The magic of Paul Morgan

Paul Morgan was a magician.

Paul, who passed away May 13 at the age of 95, was one of the early leaders of the John Knox Presbyterian Church’s community food bank, which is now known as the Keizer Community Food Bank housed at Faith Lutheran Church.

I met Paul on a Thursday morning, about 15 years ago, before the food bank opened for the day. Paul talked at length about the work being done, what was needed in terms of community support and his plans to expand capacity to meet growing hunger. His enthusiasm was boundless and infectious. He introduced me to volunteers from the John Knox congregation, others who had walked in off the street with a yen to help and still more who were former clients of the food bank. As I departed, Paul was overly appreciative for an article I hadn’t even started writing much less published.

The sum of the experience that day instilled in me a mission to write the best story of my career to honor the work that was being done. I still remember the burning tears in my eyes trying to digest what I had seen: magic, in the real world, as tangible as anything the five senses can detect.

Paul and I remained in relatively close contact. We attended meetings together to talk about the future of the food bank, expanding partnerships with Marion Polk Food Share and strategizing how the paper could help in all of it. We conspired together to help people in need. Precious little in my life before or since felt so pure.

Even when health concerns kept him from taking part in the daily affairs of the food bank, Paul was stalwart. He and his wife Nancy were present during the service hours as often as they could. Together they were an even greater force to be reckoned with.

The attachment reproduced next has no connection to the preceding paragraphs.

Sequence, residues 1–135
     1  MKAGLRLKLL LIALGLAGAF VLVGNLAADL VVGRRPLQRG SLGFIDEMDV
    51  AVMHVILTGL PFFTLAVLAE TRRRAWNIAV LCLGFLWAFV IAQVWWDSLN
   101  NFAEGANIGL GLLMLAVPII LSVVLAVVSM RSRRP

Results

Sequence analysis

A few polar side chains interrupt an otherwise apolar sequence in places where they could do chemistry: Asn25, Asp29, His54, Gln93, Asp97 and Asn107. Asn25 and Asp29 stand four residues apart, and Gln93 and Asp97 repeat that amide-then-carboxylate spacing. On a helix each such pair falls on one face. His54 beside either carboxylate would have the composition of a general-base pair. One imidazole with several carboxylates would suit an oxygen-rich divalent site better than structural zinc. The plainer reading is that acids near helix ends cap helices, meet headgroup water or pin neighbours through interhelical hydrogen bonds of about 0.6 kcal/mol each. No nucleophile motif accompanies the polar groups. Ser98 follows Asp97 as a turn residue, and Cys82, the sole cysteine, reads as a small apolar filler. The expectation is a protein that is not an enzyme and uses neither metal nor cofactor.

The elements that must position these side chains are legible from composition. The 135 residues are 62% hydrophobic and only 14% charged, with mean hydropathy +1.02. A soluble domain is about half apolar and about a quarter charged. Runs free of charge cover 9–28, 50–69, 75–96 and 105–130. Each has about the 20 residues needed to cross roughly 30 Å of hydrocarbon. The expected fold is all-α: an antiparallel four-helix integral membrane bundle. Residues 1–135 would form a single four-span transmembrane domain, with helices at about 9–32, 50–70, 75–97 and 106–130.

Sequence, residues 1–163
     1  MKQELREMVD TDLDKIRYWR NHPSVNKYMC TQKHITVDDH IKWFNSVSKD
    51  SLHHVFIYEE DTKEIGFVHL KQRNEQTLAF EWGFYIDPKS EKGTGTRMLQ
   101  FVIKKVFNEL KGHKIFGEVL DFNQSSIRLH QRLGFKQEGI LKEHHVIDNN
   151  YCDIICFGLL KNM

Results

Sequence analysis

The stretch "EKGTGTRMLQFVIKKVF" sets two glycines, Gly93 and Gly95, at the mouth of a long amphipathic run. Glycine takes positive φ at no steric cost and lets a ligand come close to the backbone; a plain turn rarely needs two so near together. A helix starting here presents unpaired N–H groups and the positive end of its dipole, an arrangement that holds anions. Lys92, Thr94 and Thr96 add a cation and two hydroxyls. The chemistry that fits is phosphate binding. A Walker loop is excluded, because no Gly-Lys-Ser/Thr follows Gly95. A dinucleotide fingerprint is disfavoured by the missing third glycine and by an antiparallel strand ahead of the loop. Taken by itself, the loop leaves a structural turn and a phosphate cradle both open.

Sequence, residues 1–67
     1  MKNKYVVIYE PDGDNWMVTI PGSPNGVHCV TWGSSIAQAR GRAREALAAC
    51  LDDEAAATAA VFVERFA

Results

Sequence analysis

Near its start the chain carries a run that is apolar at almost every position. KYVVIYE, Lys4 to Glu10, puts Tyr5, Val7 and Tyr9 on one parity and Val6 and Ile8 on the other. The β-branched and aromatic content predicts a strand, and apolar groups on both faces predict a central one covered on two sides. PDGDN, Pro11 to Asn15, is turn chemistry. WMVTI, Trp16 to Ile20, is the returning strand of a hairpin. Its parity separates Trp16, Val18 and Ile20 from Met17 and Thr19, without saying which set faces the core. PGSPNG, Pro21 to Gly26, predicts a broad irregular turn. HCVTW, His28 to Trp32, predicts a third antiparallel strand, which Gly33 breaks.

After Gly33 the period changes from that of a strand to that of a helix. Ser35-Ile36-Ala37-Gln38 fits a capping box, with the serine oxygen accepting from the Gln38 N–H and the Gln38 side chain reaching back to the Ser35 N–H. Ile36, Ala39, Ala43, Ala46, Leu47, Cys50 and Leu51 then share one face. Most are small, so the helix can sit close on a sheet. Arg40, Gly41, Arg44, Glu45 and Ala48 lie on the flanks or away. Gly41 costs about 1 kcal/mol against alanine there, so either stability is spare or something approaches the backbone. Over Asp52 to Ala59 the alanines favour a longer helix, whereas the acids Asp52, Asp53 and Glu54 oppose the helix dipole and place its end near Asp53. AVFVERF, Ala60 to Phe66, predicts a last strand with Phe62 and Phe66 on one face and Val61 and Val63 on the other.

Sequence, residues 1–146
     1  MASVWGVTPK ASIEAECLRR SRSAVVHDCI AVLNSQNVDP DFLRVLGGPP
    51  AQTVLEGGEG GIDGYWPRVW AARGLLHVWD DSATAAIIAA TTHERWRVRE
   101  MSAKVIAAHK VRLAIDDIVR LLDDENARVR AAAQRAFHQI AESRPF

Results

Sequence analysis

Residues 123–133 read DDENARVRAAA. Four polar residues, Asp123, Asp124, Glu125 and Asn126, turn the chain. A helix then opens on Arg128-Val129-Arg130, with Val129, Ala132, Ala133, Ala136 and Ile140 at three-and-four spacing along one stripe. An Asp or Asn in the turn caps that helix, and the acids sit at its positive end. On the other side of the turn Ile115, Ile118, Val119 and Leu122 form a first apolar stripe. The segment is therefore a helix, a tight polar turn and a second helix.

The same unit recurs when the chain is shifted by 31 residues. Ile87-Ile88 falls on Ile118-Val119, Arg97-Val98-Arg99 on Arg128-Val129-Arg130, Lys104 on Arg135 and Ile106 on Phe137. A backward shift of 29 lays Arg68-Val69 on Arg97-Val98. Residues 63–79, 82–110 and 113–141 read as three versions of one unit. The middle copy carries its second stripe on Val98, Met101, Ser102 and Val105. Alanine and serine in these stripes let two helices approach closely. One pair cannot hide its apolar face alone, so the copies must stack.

I’ve returned to the food bank too many times to count since that first story. Usually to write about it, but sometimes just to volunteer, to help clients shop and load their cars the way Paul taught me. Paul is the reason I started taking my kid to the Marion Polk Food Share to sort food when she was in kindergarten. He is the reason they still ask to help out at food banks when the time is available and the mood strikes.

Frequently, I think back to that first day in Paul’s orbit and try to dissect its resonance. Paul taught me to believe in magic. Or reminded me how to see it. Or simply revealed its true form.

Magic isn’t the sleight-of-hand of Houdini and David Copperfield. Magic requires at least two people, always. Magic is bringing people together despite every reason to remain apart for the common purpose of helping strangers. We summon magic together and it lives on long after the curtains close.

Paul Morgan was a magician.

(Eric A. Howald is the managing editor of the Keizertimes. His family is donating $100 to the food bank this week in honor of Paul Morgan. We encourage everyone in the Keizer community to join us in whatever capacity you can. Donations can be made online at tinyurl.com/kcfb-morgan or in person at Faith Lutheran Church.)